When I am no more myself,
will I know what I have become?
What last breath in the mirror
will reflect my passing from this self
to the next, if there be another one?
Does it matter? No, to most of us,
yes, to the lusting soul that seeks,
but what does it seek, I ask myself?
I watch the deer crossing the yard.
Muted, dark against winter trees,
I can scarcely make them out,
let alone understand their wanderings.
If they scare, they raise white flags of tails,
then run, dancing down their tracks,
as light as thistle-down, though the snow
be deep beyond their walk-ways.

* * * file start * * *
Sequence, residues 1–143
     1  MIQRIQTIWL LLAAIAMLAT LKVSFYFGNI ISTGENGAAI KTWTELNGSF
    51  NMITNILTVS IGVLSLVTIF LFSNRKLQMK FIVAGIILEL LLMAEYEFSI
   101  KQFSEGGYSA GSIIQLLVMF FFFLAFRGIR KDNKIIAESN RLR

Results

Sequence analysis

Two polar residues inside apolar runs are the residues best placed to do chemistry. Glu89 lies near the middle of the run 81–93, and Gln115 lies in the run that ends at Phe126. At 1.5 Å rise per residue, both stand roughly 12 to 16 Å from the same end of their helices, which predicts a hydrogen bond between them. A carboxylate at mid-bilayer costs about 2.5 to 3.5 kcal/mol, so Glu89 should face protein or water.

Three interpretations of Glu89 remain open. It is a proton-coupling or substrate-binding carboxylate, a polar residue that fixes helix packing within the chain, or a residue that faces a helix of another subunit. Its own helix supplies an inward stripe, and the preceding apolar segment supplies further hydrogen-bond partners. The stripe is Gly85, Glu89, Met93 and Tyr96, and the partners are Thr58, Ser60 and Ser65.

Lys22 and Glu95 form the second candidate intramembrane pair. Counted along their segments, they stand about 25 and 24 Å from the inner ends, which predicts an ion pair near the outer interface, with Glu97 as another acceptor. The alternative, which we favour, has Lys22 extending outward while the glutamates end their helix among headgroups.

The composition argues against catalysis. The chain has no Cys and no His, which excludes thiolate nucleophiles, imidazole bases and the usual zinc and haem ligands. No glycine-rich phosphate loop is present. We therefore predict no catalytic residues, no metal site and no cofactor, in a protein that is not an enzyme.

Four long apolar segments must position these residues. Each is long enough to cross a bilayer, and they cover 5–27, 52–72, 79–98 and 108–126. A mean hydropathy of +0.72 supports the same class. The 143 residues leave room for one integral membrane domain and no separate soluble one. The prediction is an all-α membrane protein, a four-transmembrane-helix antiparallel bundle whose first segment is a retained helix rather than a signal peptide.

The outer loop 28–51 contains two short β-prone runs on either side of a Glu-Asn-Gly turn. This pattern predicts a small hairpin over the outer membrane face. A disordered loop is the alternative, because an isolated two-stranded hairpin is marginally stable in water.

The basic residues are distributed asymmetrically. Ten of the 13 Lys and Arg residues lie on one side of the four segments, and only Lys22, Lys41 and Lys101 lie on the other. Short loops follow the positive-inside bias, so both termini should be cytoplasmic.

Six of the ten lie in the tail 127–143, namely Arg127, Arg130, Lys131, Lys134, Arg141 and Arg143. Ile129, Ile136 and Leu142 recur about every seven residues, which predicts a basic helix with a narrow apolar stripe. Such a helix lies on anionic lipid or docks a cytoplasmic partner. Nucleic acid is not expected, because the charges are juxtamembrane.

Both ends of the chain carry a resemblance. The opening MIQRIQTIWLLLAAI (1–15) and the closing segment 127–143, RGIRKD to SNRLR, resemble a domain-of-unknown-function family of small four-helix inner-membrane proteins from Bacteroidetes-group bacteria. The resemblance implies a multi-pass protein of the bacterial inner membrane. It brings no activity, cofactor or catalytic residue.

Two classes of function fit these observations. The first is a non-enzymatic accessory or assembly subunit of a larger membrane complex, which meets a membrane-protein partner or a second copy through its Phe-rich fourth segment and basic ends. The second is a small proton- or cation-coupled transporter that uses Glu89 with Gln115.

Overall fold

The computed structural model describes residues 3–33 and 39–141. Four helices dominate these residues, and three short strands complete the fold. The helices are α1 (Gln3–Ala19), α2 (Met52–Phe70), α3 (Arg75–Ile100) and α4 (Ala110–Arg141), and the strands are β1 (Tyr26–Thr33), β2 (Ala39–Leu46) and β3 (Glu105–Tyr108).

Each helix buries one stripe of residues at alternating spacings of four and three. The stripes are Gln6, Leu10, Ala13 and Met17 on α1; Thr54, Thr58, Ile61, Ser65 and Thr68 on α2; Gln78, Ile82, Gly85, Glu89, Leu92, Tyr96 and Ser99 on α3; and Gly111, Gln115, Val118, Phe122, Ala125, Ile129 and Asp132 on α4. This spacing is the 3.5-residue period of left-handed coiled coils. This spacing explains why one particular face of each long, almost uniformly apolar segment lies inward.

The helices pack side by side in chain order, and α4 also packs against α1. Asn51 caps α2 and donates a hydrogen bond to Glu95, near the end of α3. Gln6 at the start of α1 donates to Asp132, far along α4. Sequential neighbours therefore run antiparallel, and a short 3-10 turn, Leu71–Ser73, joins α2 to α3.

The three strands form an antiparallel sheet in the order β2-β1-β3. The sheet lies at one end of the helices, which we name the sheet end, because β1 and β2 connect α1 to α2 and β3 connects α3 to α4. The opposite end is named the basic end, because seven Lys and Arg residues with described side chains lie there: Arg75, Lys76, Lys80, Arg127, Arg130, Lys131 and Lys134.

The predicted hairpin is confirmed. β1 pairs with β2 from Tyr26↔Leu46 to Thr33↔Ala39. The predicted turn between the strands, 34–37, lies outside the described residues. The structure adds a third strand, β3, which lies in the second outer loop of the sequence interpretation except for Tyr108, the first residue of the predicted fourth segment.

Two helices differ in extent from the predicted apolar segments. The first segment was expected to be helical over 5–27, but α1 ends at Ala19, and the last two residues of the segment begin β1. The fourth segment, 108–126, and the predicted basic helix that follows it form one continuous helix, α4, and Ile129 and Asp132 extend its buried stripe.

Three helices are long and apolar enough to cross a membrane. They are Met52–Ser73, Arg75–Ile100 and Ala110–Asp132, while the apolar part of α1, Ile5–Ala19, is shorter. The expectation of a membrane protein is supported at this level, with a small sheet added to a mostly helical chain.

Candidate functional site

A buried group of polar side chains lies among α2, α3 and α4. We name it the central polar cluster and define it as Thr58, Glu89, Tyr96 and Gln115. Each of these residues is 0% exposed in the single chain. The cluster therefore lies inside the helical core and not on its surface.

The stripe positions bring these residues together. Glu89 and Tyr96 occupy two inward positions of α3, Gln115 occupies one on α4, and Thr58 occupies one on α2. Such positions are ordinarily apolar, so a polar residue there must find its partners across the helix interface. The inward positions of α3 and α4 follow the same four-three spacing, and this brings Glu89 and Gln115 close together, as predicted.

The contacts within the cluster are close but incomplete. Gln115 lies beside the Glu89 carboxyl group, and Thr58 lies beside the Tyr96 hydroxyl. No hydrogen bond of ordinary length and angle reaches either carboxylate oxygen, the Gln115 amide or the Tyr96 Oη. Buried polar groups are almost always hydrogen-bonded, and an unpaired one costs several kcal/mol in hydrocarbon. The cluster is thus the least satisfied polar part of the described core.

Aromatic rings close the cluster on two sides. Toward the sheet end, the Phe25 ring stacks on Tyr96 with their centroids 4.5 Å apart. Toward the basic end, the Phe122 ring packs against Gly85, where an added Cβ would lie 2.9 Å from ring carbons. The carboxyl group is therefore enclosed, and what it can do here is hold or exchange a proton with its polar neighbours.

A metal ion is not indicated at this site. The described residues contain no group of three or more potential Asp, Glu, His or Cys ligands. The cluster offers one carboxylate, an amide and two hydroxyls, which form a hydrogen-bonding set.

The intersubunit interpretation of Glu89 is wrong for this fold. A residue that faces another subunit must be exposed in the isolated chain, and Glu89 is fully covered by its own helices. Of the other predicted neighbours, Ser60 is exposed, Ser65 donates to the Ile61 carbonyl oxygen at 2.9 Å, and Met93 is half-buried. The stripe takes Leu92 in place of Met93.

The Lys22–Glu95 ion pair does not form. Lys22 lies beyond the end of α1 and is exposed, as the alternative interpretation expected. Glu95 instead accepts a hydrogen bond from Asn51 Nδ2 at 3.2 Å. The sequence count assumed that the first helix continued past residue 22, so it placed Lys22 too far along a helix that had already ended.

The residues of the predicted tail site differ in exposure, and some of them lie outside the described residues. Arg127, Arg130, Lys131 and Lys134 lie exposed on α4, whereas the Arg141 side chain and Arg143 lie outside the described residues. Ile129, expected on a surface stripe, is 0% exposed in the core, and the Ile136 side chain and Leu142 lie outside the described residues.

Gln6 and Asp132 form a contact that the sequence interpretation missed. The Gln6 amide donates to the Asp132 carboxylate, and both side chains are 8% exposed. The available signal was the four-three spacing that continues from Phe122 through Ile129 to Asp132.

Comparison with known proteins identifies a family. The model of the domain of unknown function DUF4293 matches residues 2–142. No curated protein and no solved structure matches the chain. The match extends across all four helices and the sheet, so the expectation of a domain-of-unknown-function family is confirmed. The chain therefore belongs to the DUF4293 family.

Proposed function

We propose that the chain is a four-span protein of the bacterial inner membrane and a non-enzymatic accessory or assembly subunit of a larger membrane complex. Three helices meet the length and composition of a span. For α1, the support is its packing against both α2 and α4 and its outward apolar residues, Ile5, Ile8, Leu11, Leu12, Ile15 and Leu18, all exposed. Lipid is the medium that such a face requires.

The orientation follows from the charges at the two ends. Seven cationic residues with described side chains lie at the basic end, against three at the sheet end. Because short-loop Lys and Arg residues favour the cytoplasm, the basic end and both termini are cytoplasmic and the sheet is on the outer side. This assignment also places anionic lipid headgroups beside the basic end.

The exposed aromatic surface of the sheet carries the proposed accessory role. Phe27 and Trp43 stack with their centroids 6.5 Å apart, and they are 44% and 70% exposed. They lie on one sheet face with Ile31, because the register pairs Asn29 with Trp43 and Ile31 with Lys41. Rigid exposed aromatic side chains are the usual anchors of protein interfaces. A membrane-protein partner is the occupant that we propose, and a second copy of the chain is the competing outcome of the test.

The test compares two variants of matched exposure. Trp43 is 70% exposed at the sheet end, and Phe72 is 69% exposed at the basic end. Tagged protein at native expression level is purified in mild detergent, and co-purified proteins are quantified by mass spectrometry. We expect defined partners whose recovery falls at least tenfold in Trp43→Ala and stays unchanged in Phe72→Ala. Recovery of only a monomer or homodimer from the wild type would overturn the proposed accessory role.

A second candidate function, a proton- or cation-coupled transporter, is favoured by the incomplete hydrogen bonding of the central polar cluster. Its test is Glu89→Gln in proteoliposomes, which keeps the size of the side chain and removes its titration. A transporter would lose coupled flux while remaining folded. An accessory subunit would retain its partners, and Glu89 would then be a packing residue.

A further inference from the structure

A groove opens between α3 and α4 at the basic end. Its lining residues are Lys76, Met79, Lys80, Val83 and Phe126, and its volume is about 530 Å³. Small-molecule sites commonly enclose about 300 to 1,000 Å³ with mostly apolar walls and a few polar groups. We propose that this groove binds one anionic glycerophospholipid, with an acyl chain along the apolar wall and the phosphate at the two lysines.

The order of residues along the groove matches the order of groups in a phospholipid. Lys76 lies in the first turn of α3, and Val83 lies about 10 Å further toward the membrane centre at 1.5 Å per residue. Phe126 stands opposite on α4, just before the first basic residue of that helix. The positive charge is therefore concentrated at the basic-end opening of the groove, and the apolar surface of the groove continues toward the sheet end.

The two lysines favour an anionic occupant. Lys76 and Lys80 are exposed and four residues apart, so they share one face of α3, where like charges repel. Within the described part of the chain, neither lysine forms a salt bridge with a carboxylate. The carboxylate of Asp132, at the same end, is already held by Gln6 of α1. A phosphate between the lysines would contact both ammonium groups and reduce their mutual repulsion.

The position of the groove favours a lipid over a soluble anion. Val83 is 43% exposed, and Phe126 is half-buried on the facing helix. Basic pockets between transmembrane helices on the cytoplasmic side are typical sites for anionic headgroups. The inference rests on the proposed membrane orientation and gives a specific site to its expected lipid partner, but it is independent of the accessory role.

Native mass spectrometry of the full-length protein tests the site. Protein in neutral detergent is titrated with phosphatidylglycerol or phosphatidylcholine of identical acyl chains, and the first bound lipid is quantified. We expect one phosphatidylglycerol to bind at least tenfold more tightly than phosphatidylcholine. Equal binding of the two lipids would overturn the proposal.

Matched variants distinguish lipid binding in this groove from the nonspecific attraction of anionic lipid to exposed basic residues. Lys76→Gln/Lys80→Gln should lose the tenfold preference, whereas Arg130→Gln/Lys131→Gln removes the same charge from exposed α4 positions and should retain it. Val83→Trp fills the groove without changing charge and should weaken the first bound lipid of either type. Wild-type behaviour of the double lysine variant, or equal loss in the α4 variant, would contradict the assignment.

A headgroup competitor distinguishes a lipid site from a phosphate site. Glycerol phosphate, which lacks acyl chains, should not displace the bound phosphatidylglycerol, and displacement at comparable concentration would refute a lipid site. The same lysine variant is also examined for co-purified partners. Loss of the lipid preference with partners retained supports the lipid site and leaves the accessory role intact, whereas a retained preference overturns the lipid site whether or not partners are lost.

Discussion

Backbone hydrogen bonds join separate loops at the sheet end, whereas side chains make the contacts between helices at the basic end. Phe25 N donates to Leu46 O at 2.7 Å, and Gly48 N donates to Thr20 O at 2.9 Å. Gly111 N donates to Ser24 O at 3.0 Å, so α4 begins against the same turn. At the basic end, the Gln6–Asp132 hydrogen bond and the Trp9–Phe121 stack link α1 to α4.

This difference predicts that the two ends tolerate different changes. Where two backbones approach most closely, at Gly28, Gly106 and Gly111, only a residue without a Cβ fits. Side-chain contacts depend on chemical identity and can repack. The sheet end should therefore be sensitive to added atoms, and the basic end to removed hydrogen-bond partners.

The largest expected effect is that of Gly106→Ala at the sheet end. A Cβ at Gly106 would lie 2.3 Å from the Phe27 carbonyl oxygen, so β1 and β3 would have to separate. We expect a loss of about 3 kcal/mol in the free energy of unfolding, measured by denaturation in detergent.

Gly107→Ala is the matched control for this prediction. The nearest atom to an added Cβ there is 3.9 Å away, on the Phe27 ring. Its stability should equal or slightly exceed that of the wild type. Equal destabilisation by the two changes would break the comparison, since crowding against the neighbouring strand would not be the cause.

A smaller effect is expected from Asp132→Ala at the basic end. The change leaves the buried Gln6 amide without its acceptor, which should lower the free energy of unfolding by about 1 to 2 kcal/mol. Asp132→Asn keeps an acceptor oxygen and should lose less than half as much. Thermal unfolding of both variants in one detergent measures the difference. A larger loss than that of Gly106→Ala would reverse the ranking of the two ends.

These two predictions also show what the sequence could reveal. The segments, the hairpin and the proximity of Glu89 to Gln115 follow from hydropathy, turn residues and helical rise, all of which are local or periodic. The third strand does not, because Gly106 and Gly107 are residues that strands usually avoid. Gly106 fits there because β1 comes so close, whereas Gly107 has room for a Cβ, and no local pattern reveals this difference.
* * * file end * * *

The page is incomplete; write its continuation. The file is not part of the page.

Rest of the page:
I want to see them as they really are,
the original inhabitants of this land that
a scrap of paper, drawn up by a lawyer,
says I own. Nobody owns this land.
It was here before me and will be here
long after me and mine are gone.
Only the deer truly belong, passing
through, each generation similar
to the one before, knowing no lawyers,
holding no legal papers, but aware
instinctively that we are the intruders,
that the forest is their heart and home,
and that they are sole owners of this land.
Click here for Roger’s reading.
Comment: from a poem by Guillaume Apollinaire: “I am no more myself. I have become the fifth of the twelfth.” I bought a book of his poetry (Livre de Poche) from les bouquinistes in September, 1962, when I started the school year in Paris. I picked it up last night, and started reading it again. The result – this little poem and a host of memories that came flooding back as the deer walked through the garden and all was right with the world.